Chanda Kochhar, managing director and chief executive officer of ICICI Bank Ltd., attends the Annual Bankers’ Conference in Mumbai, India. (Photographer: Dhiraj Singh/Bloomberg)

In Transition From Kochhar To Bakshi, Will ICICI Adopt A More Measured Growth Path?

Just short of completing a decade-long stint as the managing director and chief executive officer at ICICI Bank Ltd., Chanda Kochhar has decided to step down. Along with her exit came the announcement of a new CEO. Sandeep Bakshi, another ICICI lifer, takes charge as Kochhar steps down.

For investors, the switch will reduce the immediate uncertainty emerging out of an investigation into allegations of impropriety against Kochhar. The investigation will continue but its implications for the bank and its investors may be now limited.

“Though the board has said clearly that this move doesn’t necessarily affect the enquiry instituted by the board, we believe the outcome of the report to be submitted by the committee now has less relevance from a stock perspective,” said Suresh Ganapathy, analyst at Macquarie Research in a note soon after the news broke.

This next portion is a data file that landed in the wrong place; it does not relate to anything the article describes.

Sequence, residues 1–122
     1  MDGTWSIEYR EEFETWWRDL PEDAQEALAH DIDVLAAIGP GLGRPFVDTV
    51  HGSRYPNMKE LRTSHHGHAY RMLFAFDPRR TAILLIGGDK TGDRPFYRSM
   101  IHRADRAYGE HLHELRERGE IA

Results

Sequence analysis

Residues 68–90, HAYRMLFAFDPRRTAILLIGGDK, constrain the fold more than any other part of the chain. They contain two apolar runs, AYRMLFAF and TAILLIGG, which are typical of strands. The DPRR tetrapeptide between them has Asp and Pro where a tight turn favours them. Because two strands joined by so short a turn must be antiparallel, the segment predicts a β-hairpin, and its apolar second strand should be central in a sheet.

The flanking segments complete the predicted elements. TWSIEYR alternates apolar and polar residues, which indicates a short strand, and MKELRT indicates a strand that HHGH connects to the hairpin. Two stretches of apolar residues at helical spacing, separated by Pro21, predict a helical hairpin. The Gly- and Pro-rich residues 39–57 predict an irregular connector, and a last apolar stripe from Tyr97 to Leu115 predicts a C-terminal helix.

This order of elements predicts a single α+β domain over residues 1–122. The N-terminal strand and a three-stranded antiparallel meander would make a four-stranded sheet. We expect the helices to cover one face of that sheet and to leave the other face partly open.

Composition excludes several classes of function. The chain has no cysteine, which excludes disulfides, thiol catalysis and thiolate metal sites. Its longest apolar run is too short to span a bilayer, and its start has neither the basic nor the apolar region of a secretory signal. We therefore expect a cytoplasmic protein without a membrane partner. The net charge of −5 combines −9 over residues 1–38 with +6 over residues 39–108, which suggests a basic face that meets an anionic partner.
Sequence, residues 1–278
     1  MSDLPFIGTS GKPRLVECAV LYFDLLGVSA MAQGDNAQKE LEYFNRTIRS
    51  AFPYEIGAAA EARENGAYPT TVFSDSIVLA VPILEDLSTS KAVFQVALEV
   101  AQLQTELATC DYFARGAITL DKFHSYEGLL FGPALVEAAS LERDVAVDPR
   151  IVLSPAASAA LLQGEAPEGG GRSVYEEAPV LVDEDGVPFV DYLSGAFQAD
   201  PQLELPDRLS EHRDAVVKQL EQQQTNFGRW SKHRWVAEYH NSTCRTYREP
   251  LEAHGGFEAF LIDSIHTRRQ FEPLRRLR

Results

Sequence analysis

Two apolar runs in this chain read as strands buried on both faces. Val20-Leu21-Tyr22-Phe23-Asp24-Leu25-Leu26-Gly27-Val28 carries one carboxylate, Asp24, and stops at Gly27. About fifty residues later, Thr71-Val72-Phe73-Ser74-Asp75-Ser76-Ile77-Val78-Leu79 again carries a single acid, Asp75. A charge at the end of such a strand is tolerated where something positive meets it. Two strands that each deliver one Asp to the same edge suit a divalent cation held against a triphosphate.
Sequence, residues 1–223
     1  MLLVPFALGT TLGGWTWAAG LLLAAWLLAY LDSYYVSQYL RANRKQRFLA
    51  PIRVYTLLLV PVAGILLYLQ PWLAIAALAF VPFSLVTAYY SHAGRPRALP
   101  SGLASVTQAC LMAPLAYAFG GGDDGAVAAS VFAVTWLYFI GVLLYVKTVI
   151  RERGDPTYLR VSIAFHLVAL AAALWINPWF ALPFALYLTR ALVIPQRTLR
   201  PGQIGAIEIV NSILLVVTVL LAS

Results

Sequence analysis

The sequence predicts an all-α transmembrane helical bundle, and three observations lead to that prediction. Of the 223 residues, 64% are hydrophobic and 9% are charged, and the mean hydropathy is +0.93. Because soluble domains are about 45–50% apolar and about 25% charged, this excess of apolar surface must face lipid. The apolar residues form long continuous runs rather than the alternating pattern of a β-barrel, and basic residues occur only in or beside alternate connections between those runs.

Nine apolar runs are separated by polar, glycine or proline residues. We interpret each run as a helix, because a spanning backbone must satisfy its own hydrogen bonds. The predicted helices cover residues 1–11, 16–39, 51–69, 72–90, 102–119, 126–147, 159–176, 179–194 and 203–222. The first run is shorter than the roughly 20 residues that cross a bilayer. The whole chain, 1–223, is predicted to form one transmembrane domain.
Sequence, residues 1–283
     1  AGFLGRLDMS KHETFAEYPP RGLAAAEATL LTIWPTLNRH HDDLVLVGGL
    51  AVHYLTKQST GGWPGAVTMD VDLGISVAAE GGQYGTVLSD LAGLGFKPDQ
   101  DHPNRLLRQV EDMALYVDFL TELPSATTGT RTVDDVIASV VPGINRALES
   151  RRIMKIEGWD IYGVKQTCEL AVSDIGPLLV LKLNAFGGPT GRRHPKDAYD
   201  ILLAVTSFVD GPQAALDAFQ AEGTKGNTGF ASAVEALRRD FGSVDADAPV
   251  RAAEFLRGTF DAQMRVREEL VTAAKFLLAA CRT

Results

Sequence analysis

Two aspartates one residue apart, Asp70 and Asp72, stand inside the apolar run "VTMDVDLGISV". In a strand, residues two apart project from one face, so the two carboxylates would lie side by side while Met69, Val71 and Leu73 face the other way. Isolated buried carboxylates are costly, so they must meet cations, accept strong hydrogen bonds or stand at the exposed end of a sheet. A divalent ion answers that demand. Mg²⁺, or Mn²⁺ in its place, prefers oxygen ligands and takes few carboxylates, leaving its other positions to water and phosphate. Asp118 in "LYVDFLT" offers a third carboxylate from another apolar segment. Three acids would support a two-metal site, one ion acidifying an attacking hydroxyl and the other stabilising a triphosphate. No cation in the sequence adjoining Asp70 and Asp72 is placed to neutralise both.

Instead, investors and analysts will now be watching to see if the bank tempers its trademark aggression under KV Kamath and Chanda Kochhar and moves towards a more measured growth path under Bakshi.

Chanda Kochhar’s Decade Of Growth

Kochhar took the top spot at the bank in May 2009 after her mentor KV Kamath decided to step down from an executive role. At the time too, ICICI was facing asset quality issues in its retail lending portfolio. The financial crisis of 2008 had led to an increase in defaults in the unsecured lending book of private sector lenders, including ICICI Bank which had rushed in to capture the changing consumer credit culture.

Kochhar came in and started to clean-up the retail book. But as India rebounded from the impact of the financial crisis, helped by easy fiscal and monetary policy, ICICI Bank, too, returned to growth.